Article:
Why is domestic output important?
Another factor that could affect iron ore imports is domestic output. When demand for iron ore is rising faster than domestic output, China will have to rely more on imported goods. As a result, this can have a positive or negative impact on shipping rates. When imports’ share of iron ore supply increases, it could be positive for shipping rates. But when domestic production is increasing more than imported supply, it could be negative.
On July, 2013, China’s domestic iron ore output as a share of total supply, measured by adding iron ore imports and domestic output together, amounted to 62.23%. This was a drop from the 67.48% in July, showing imports drove a larger share of July’s supply. July’s drop appears to be driven by higher imports, as traders took advantage of low imported iron ore prices. Over the past six years, we’ve seen an overall growth in the share of domestic output, increasing from ~61% to ~64%. During the overall increase throughout the six years, however, there were periods when iron ore gained shares and then some periods when it lost shares.
Background on historical trends
Throughout late 2008 to early 2009, domestic producers’ shares fell from 70% to 50%. This was because Chinese iron ore producers are one of the most expensive producers in the world. As economic growth slowed and foreign suppliers such as BHP Biliton, Rio Tinto, and Vale didn’t cut output right away, domestic producers had to scale back their production to some extent, which allowed foreign mining giants to gain market share.
Domestic suppliers were saved with the government’s massive injections thereafter, and economic growth soared higher while investment flowed into iron ore mines. As long as demand for iron ore was growing faster than foreign suppliers were increasing supplies, domestic producers had business, and their share rose back to 70%.
Since 2011, however, the trend reversed. Instead of hitting record highs each year, each peak was lower than the previous year’s. Domestic suppliers began to lose market share when the Chinese government restricted lending and raised interest rates to combat high inflation in mid-2011. Because foreign suppliers incur a lower cost of extracting iron ore, they were able to take advantage of China’s weaker growth by increasing output, which pushed some domestic suppliers out.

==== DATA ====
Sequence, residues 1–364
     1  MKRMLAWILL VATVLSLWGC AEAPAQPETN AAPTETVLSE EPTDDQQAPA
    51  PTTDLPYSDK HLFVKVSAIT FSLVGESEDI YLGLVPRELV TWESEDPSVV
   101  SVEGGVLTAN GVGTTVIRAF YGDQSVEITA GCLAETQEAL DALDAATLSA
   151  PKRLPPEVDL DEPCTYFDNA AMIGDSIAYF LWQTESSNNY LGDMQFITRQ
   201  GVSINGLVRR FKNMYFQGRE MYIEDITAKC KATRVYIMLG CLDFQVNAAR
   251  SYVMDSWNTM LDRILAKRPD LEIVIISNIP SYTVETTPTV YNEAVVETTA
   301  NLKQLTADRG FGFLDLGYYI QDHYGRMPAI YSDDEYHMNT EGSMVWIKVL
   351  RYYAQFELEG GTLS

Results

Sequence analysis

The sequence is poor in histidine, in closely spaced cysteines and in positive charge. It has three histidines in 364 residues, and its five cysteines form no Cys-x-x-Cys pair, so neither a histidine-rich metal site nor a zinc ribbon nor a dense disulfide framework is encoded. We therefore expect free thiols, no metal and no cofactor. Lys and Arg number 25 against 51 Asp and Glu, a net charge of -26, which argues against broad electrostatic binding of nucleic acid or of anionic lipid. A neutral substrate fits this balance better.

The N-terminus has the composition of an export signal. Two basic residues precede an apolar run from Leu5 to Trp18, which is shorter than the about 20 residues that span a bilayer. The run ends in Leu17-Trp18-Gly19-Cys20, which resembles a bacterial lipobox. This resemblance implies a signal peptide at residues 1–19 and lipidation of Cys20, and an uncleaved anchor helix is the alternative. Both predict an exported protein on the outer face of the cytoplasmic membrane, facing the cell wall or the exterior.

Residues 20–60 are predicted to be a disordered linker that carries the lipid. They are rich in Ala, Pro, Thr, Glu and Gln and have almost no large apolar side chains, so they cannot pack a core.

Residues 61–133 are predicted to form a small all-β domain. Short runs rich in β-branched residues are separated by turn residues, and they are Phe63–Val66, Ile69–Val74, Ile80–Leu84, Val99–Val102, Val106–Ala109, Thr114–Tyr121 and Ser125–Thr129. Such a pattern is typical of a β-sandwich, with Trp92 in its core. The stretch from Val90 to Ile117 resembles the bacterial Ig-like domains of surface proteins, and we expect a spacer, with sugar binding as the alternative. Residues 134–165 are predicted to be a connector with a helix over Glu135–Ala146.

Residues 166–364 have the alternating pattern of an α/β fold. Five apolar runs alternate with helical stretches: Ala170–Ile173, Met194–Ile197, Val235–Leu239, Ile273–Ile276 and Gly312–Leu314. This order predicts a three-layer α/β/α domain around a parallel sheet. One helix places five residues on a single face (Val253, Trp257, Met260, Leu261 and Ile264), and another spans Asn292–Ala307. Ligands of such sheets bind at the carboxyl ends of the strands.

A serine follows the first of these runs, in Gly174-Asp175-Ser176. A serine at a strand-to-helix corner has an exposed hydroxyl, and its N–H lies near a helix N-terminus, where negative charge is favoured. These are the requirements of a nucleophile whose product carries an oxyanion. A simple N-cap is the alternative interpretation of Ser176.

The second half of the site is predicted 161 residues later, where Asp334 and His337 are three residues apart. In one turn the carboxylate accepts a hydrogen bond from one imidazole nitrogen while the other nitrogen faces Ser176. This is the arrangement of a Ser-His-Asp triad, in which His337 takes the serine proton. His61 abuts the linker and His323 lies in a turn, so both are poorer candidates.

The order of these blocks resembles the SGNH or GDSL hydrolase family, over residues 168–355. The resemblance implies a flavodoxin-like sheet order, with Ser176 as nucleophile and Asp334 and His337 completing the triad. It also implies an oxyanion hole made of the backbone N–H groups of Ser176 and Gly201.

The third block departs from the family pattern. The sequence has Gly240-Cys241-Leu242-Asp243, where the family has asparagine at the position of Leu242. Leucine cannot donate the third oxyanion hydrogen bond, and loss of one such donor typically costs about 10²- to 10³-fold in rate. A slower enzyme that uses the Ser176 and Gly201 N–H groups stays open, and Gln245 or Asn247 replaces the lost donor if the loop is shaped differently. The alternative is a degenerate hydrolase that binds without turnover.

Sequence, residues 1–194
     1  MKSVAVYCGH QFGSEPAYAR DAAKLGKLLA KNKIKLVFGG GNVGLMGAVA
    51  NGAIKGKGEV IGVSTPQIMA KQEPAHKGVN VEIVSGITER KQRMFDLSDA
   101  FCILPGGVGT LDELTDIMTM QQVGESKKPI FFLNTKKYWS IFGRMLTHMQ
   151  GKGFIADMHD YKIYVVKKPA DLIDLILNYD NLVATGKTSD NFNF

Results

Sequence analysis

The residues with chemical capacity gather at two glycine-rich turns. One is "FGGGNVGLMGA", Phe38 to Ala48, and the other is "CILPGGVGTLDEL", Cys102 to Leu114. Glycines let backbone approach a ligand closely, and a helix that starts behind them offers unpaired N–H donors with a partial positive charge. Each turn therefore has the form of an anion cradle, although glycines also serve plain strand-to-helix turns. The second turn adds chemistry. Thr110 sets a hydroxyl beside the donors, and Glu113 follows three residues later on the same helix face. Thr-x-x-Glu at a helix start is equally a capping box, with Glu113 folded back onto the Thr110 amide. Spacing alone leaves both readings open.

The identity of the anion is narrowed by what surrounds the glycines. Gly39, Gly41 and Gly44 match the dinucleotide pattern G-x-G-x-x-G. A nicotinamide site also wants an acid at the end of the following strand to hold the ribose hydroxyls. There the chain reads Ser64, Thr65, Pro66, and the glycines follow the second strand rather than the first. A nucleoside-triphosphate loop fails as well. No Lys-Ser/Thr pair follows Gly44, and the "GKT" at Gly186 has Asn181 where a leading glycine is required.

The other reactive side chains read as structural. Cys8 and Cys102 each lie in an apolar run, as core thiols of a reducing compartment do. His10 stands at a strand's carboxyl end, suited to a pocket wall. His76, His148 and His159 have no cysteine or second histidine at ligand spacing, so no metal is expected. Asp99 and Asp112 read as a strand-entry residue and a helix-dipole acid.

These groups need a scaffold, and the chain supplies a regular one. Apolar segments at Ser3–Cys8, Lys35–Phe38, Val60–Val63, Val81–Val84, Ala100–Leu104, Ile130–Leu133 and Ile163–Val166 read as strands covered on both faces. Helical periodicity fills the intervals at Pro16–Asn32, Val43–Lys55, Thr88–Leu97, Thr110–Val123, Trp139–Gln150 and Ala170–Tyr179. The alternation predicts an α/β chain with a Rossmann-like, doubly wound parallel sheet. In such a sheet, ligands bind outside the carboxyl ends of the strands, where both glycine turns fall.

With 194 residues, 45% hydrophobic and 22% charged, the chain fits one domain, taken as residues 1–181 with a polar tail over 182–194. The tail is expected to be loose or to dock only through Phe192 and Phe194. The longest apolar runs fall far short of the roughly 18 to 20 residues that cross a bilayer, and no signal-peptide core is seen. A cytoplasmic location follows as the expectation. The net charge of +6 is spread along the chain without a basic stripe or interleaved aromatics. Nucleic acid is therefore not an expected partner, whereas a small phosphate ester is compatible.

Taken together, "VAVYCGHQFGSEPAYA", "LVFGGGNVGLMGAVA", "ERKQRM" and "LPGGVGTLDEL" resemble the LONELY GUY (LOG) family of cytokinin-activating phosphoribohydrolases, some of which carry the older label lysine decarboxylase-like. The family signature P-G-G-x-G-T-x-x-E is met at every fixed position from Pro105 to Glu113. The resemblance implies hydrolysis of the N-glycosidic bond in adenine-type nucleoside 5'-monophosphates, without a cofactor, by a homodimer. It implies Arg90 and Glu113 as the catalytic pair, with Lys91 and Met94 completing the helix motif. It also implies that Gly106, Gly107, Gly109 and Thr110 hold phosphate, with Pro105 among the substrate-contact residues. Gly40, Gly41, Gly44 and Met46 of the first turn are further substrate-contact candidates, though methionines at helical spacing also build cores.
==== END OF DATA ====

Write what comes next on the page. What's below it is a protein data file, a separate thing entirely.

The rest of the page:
Takeaway from future impact
In its five-year plan, the government intends to shut down dangerous small mines that are environmentally unfriendly and economically expensive. A part of these mines financed the shadow banking system. So the share of foreign imports should grow over time. Nonetheless, a sudden layoff of millions of Chinese workers employed in the iron ore mining industry could create social unrest, so the government has no option but to support demand.
So if domestic suppliers are gaining share, it’s likely because of strong economic growth in China. If domestic suppliers are losing share, it’s because foreign suppliers are exporting more iron ore. Both are positive for companies like DryShips Inc. (DRYS), Diana Shipping Inc. (DSX), Navios Maritime Partners LP (NMM), Navios Maritime Holdings Inc. (NM), and Safe Bulkers Inc. (SB)
- Part 1 - Why China’s industrial activity is important to dry bulk shippers
- Part 2 - A jump in crude steel output is positive for dry bulk shippers
- Part 3 - Building sales cool, next month’s data big for dry bulk shippers
- Part 4 - Why real estate development activity affects dry bulk shippers
- Part 5 - China relying more on foreign imports, good for dry bulk shippers
- Part 6 - Why low iron ore inventory may mean an upside for Capesize rates
- Part 7 - Why lower iron ore prices could mean higher Capesize rates
- Part 8 - Must-know: Expect record iron ore imports in the coming months
- Part 9 - Australia to export record amount of iron ore, good for shippers
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